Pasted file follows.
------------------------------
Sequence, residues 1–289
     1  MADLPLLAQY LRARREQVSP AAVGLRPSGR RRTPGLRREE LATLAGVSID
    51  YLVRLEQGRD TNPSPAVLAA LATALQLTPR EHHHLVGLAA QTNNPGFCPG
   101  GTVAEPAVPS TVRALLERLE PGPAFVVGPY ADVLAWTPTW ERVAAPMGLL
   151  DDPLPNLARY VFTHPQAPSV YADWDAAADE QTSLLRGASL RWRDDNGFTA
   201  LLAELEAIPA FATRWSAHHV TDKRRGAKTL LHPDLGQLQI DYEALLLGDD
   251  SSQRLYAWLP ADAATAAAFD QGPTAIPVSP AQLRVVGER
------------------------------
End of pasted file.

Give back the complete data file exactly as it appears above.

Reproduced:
Sequence, residues 1–289
     1  MADLPLLAQY LRARREQVSP AAVGLRPSGR RRTPGLRREE LATLAGVSID
    51  YLVRLEQGRD TNPSPAVLAA LATALQLTPR EHHHLVGLAA QTNNPGFCPG
   101  GTVAEPAVPS TVRALLERLE PGPAFVVGPY ADVLAWTPTW ERVAAPMGLL
   151  DDPLPNLARY VFTHPQAPSV YADWDAAADE QTSLLRGASL RWRDDNGFTA
   201  LLAELEAIPA FATRWSAHHV TDKRRGAKTL LHPDLGQLQI DYEALLLGDD
   251  SSQRLYAWLP ADAATAAAFD QGPTAIPVSP AQLRVVGER